The Secrets of Choosing Colors for Your Packaging

By in Packaging Design on September 30, 2008

Wondering what color your product’s package should be? Be careful. It could be one of the most important choices you make about your packaging – one that could deeply affect your brand and largely determine sales of your product line.

And it’s not just a matter of personal favorites or guesswork. The issue of color choice is a complex study in human nature, market competition, and psychology.When branding a company and product line, owners typically approach marketing and graphics specialists to assist them with the task. More often than not the client will come armed with a list of favorite colors. Giving the designer personal choices for color will give them a great jumpstart, but be prepared for the professional consultation you hired them for. There are reasons behind color selection -- an actual science to how colors affect behavior and represent a person.

Color is one of the primary assets of a package when attracting a consumer and should not be taken lightly in the branding decision. There are several aspects of ‘the sell’ to think about when it comes to color.

1. Does your color palette separate you from your competitors and shelf neighbors?
2. Do you pop on shelf?
3. Does your package look age and gender appropriate for your target audience?
4. What is your color saying about your product? Your consumer?

Differentiation can be achieved easily with color. Just think about the two largest soda companies, red vs. blue. Begin with selecting a color that is different from your competitors and shelf neighbors, this will also assist you with your product being able to pop on shelf (catch the consumer eye). Do not think everything has to be vibrantly colored -- differentiation and pop has been accomplished with white plenty of times.

Next, think about what a particular color says about your organization and about the consumers who choose to buy your product. The hot pink color of a popular cellular service was groundbreaking in a time when all of their competitors were stuck in the technical color palettes of blues, reds and blacks. They were conveying to the consumers that they were different, groundbreaking, hip and daring. Consumers knew they were going to get something different, something more personable.

Remember, your package needs to convey how you want customers to feel about themselves and their choices -- it’s about them, not you.

Color is a science, an ever-changing algorithm, and there are systems out there to help make color choices a matter of validated theory rather than personal preference. Take for instance the Dewey Color System.This system evaluates color choices and interprets things like personality, career decisions, and impactful design choices with quantifiable results. With a validated color system like this, combined with shelf block and competitor analysis, you have the perfect formula for great package color theory.

The key to navigating this important aspect of packaging is to team with experts who can guide you through the selection of colors and other design factors. Most market segments are more competitive than ever now, and color is just one of many weapons in a great marketer’s arsenal. Like so many other things, it has simply become too complicated to leap into it solo.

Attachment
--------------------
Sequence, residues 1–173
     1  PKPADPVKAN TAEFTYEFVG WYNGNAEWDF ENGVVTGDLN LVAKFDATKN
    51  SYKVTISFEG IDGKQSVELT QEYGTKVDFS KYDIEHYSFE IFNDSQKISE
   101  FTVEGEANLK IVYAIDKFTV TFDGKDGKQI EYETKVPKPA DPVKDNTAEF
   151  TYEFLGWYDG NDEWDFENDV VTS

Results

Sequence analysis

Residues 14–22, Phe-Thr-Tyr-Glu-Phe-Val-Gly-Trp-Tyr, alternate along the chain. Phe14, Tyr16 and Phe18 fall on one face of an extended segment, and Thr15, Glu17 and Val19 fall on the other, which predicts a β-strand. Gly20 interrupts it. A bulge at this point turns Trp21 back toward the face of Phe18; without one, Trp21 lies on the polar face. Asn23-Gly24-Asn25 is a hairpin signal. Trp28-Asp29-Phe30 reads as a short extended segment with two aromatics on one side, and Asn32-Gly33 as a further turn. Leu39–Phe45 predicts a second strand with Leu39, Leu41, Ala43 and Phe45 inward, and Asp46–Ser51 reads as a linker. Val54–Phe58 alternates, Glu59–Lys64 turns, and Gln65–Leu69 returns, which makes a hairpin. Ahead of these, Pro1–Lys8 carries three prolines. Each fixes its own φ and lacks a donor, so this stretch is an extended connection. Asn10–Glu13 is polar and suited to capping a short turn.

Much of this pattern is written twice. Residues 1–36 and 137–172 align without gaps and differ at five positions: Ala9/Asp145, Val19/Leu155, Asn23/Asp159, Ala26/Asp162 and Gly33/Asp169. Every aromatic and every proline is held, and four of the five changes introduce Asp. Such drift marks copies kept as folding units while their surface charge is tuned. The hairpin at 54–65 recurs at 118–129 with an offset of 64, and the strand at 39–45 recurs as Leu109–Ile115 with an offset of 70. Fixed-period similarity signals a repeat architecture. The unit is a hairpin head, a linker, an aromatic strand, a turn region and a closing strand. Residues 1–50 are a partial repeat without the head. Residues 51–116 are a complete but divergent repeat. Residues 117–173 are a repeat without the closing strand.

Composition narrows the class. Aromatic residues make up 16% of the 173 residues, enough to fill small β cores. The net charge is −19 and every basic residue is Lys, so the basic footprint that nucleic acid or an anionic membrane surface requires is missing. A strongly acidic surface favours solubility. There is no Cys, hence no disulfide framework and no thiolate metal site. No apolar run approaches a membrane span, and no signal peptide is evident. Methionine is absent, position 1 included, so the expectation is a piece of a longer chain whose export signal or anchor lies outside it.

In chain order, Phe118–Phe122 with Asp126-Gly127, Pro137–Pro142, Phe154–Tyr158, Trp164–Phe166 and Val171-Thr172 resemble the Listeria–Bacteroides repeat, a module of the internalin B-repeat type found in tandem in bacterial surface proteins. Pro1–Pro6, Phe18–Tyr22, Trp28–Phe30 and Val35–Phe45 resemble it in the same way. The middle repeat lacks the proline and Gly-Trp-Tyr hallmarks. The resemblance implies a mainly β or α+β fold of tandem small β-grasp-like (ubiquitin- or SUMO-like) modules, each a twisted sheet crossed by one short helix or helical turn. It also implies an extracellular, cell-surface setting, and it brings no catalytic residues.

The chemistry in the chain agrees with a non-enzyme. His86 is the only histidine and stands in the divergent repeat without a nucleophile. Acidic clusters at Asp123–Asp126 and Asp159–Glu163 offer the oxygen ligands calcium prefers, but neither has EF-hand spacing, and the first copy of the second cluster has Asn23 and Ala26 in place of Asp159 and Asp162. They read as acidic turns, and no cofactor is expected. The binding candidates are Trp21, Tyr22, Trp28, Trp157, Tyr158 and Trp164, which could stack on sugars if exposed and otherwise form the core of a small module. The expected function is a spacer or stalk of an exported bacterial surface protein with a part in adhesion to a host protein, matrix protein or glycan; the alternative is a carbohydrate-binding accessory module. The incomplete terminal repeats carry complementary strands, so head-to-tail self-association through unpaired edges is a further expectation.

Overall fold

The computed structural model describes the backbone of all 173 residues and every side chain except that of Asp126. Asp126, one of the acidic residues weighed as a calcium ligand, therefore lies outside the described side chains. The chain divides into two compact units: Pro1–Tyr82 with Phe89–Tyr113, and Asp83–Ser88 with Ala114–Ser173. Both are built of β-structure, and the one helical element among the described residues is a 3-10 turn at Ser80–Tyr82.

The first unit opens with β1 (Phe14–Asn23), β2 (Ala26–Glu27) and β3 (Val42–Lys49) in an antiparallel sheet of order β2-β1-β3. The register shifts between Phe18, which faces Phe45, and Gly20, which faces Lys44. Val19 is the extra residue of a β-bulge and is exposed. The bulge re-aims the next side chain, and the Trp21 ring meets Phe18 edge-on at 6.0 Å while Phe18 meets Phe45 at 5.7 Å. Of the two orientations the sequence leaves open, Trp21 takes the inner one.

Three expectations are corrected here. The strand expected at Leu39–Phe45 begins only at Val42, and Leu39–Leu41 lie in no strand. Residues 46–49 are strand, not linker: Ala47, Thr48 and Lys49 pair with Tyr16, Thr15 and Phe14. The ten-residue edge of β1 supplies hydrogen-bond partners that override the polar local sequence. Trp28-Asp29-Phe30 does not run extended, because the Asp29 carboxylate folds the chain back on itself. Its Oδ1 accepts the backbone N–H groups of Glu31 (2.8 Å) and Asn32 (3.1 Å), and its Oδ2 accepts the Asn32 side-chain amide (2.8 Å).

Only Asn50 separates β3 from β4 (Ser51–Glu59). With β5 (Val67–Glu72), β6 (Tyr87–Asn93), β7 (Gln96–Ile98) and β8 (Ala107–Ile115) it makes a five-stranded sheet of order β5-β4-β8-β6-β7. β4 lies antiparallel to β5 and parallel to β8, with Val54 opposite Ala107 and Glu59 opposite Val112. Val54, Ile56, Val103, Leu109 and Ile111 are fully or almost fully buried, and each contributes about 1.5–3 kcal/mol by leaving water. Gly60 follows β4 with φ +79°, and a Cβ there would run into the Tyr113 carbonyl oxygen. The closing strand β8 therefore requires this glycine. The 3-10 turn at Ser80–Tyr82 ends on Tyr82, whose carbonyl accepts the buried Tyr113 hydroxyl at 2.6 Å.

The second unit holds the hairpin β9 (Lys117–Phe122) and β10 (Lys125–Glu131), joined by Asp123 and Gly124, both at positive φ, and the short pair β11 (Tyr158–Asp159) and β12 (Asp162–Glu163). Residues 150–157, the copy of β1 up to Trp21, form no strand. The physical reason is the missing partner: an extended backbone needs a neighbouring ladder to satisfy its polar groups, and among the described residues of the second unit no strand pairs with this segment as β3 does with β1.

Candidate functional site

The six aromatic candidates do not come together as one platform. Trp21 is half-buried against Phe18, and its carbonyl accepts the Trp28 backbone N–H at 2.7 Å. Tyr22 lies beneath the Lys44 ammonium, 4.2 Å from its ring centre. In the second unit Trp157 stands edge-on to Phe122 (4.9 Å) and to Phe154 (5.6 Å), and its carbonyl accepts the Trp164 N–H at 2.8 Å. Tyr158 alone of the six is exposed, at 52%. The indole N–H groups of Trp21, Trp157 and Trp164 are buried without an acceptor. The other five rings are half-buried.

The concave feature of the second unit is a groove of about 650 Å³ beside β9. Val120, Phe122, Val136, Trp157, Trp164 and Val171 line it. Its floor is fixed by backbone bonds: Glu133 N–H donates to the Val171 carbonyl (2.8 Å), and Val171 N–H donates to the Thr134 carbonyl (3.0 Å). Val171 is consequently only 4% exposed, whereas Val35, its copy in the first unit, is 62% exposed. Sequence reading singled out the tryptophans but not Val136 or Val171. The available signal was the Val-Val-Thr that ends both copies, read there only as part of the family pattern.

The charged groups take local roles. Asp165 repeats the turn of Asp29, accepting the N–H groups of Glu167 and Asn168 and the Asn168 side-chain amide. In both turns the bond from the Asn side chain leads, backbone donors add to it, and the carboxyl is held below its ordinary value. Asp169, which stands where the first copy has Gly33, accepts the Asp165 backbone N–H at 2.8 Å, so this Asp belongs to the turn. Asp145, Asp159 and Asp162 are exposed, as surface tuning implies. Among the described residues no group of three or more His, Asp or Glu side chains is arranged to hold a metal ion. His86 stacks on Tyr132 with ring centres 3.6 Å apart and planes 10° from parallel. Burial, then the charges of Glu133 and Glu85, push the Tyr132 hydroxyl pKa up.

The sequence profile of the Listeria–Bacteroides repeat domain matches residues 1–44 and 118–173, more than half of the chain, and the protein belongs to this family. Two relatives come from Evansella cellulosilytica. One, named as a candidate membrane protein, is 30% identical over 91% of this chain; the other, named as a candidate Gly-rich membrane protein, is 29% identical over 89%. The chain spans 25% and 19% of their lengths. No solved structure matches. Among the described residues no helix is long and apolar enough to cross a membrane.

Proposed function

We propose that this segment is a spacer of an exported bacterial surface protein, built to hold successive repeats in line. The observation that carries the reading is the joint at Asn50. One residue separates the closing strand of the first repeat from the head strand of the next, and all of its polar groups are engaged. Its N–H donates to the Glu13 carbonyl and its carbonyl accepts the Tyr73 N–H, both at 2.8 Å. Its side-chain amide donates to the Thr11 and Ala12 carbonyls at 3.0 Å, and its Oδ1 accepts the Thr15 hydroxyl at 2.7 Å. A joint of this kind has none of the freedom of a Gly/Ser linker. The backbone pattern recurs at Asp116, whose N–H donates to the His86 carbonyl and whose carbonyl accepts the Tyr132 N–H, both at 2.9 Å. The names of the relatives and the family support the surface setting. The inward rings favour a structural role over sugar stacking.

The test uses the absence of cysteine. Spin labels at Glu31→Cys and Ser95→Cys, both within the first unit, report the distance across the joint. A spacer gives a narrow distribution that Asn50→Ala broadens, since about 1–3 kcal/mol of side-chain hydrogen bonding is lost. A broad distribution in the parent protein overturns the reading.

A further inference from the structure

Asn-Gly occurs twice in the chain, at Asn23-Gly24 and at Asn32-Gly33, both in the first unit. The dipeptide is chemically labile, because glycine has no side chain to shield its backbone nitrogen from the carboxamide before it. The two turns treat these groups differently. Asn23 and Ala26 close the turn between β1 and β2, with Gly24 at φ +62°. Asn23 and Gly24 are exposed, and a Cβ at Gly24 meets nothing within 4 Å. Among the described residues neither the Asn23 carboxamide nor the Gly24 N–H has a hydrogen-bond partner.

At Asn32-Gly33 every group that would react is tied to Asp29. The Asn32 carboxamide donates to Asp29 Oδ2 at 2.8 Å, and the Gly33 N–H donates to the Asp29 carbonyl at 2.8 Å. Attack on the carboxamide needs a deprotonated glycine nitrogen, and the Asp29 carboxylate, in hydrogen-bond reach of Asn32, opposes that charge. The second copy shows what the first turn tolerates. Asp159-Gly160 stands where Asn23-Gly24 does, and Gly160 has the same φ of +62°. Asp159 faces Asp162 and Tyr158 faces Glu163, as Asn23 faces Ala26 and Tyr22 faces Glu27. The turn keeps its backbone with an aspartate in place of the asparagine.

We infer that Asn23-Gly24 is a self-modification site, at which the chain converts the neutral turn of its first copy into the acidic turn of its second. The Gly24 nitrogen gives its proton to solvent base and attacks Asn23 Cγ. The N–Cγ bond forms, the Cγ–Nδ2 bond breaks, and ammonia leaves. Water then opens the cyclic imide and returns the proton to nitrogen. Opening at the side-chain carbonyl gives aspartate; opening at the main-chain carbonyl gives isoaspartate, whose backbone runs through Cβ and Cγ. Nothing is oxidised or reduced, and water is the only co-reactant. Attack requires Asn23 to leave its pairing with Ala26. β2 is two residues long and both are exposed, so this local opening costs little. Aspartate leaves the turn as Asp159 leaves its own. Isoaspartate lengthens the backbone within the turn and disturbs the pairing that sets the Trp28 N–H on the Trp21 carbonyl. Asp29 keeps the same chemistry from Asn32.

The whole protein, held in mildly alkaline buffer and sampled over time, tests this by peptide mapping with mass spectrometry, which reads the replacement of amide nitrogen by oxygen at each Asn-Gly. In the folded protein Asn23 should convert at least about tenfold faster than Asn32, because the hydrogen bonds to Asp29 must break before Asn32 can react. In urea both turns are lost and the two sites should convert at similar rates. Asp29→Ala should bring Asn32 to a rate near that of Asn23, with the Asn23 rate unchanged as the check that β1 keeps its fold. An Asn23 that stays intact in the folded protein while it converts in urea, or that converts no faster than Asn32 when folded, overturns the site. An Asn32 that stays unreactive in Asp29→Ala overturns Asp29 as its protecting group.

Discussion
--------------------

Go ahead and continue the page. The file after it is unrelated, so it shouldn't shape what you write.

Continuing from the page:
You don’t want to squander the power of color. Choose carefully based on criteria that really matters.


Laura Donnelly is the Strategy Director for XO Create! which provides expertise in packaging experiences by transforming consumer brands through compelling branding and packaging innovations.

To contact Laura call 678.319.4242 
www.xocreate.com

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What is shelf block?
Something else to consider when choosing colors is which raw materials will be used to make inks and pigmnets. Heavy metals are used in some instances. 19 states have toxics in packaging laws that prohibit the intentional use of any amount of cadmium, hexavalent chromium, lead, and mercury. The laws also prohibit incidental presence of the 4 metals if the total amount exceeds 100 ppm. These laws may be different from laws in other countries. Some states, through the Toxics in Packaging Clearinghouse, are testing packages for compliance with member state laws. For more information go to: www.toxicsinpackaging.org
Susie, Shelf Block analysis is not only analyzing how your product is going to sit on shelf but also how your competitors are doing it. Is your product vertical or horizontal? Are you spanning multiple shelves or just one? If you stand back from your shelf space and take it in as a whole.. what pops first? Are you creating a comprehensive block of items with a consistent color choice or distinct products in the line with multiple colors.. how does that affect shelf appeal? there are many more points. The key is anticipating your result and planning accordingly.
My company is looking for a box or case the shape of an eyeglass about 2inches long see thrue.and we would be needing about 10,000..can your company produce this please let us know thank you..Rose Anna with Blessed Dreams.